Cannabis Use Disorder is Rising in U.S. States Where Weed is Legal

Rates of cannabis use disorder have risen in U.S. states where the drug has been legalized, including among children and teenagers, according to a study.

The authors of the research published in the journal JAMA Psychiatry argued that while the policies have provided "important social benefits, particularly around issues of equity in criminal justice," the climb in conditions like cannabis use disorder are "a potential public health concern."

To uncover the effects of the changes, researchers looked at surveys completed by 505,796 people between 2008 to 2016. Of the total participants who filled in The National Survey on Drug Use and Health in those years, just over half were female, 77 percent were aged 26 or above, 65 percent were white, 11.9 percent were black, 15.36 percent Hispanic, and 7.3 of another race or ethnicity.

The team looked at data on states where cannabis had been legalized by 2016—Colorado,Washington, Alaska, and Oregon— and noted if and how often respondents used marijuana in the past month, and whether they had cannabis use disorder before and after the laws were enacted.

Cannabis use disorder is where a person's use of the drug negatively affects their life over the course of 12 months. They might struggle to cut down, use so much it makes it hard to work or fulfil responsibilities in the home, and spend a lot of time taking the drug and recovering from its effects.

In adults aged 26 or older, the number who said they had used cannabis in the past month rose by 23 percent when compared with states where recreational use isn't allowed. Problematic cannabis use rose by 37 percent, from 0.90 percent to 1.23 percent, after recreational marijuana legalization.

The number of respondents aged between 12 to 17-years-old who had cannabis use disorder rose "slightly" by 25 percent compared with those in the same group in other states, from 2.18 percent to 2.72 percent, the authors wrote.

But among participants aged between 18 to 25-years-old, the rates of cannabis use in the past month, frequency and cannabis use disorder didn't change.

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A stock image of a woman holding a joint. Researchers have looked at the relationship between legalisation and problematic use of the drug. Getty

Marijuana for recreational use has been legalized in 11 states and the District of Columbia. Using weed occasionally is not thought to cause substantial problems, the authors said. But long-term, heavy use is linked to physical and psychological problems, as well as lower educational attainment, decline in social class, unemployment, and motor vehicle crashes, they wrote.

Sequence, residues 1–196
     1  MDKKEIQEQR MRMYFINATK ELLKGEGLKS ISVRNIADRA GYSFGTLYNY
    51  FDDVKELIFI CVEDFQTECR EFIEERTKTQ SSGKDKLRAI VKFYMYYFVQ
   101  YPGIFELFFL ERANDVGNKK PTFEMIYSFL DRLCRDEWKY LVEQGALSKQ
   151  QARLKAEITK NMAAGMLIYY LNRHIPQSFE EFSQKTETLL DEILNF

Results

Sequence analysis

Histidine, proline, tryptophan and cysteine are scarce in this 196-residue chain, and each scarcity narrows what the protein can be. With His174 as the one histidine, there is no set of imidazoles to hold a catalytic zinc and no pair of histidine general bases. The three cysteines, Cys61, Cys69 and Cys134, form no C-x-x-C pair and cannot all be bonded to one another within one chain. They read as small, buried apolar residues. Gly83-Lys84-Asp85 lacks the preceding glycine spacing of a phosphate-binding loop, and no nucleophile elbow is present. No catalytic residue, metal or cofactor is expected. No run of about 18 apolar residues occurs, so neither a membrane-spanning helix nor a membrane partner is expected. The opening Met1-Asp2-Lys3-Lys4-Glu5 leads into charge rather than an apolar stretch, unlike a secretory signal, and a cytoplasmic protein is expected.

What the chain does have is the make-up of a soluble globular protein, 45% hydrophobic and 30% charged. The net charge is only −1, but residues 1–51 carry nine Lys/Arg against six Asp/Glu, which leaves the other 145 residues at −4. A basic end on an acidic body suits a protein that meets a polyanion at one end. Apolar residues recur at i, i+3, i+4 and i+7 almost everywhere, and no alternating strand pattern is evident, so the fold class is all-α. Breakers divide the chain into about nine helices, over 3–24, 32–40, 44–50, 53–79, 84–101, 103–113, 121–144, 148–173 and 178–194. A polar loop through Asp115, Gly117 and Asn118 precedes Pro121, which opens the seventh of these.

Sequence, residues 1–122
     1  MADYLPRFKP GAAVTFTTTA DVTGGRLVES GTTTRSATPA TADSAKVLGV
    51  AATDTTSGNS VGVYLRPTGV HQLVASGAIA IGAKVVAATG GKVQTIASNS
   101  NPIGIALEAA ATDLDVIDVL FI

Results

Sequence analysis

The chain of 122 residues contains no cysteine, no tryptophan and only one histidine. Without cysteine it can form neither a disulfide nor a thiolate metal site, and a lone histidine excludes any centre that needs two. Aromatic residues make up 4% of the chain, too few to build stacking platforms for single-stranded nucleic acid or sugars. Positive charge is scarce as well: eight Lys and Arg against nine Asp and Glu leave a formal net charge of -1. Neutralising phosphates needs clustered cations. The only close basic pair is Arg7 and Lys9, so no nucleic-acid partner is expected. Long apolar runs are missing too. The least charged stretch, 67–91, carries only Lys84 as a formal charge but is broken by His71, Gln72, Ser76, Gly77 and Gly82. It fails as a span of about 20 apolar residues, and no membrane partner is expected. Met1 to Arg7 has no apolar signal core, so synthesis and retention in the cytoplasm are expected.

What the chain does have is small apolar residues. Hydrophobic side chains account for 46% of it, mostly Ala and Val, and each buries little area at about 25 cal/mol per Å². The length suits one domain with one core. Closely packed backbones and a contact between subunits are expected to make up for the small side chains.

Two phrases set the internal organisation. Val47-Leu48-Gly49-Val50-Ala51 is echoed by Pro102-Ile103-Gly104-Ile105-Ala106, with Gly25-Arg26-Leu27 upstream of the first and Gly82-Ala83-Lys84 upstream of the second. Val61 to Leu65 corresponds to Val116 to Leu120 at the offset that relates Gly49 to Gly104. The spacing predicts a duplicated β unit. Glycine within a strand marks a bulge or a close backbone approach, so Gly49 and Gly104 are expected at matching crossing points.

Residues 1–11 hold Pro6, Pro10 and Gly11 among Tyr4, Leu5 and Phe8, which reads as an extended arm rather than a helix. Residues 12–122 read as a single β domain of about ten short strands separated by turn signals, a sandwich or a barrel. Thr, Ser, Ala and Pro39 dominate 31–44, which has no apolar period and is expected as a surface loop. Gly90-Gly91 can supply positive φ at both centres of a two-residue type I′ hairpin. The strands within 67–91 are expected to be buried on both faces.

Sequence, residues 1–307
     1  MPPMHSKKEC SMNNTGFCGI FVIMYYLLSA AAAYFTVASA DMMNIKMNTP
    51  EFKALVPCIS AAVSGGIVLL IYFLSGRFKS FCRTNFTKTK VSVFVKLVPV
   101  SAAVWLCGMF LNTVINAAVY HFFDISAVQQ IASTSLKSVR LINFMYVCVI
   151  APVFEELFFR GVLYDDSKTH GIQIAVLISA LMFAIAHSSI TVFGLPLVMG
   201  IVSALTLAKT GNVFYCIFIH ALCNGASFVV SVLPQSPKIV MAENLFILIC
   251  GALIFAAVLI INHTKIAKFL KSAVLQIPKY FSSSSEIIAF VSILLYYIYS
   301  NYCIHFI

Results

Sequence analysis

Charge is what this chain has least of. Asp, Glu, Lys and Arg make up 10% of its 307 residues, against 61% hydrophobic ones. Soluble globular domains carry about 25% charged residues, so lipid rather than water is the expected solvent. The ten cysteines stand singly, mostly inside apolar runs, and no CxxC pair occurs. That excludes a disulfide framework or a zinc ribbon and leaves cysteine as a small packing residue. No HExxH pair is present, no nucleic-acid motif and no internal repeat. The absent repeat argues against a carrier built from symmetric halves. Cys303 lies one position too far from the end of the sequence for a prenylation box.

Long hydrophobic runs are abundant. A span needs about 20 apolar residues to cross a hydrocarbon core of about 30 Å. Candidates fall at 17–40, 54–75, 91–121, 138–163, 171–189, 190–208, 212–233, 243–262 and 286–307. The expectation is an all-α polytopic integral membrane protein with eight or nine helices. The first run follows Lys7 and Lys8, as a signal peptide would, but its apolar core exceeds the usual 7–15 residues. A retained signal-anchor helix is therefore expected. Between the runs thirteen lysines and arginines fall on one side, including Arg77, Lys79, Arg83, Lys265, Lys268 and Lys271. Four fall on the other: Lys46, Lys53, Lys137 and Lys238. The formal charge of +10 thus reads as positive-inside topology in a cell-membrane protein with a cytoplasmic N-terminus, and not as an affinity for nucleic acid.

Senior author Dr. Silvia S. Martins, associate professor of epidemiology at Columbia University Mailman School of Public Health, commented: "Cannabis use disorder in adolescence is associated with long-term adverse health, economic and social consequences.

"Given our findings on problematic use across age groups, legalization efforts should coincide with prevention and treatment. The general public should be informed about both benefits and potential harms of marijuana products to make informed decisions," Martins said.

Ian Hamilton, an expert in drug use and mental health at the Department of Health Sciences at the U.K.'s University of York who did not work on the study, told Newsweek: "Although the researchers found that regular use increased by only a few percent following the policy change this could equate to a large proportion of the population given the popularity of cannabis. Even a small percentage increase in regular cannabis users can increase the risk of developing problems like cannabis dependence which services would be unlikely to have the capacity to support."

This graphic, provided by Statista, shows the U.S. states where recreational marijuana has been legalized.

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U.S. states where marijuana has been legalized for recreational and/or medical use. Statista

However, he pointed out it is difficult to draw firm conclusions from observational studies such as this one. The researchers weren't, for instance, able to collect any data about the strength or potency of the cannabis used, "so it might be that some people were using low potency cannabis frequently which wouldn't create the same degree of risk as those using high potency cannabis regularly," Hamilton argued.

Hamilton urged people to be cautious of believing assertions made by suppliers and manufacturers related to cannabis, such as unevidenced claims about health benefits, and even basic information on strength.

"Although cannabis is less harmful than many other drugs it is not completely risk free, part of the problem is we are still unable to predict who is at risk of developing problems until they are exposed to the drug, by which time it is often too late," Hamilton said.

But he said the results also don't mean cannabis shouldn't be legalized, rather "that for the small proportion of users who develop problems support services need to be adequately funded and available, something other states and countries should factor in when thinking of changing their cannabis policies."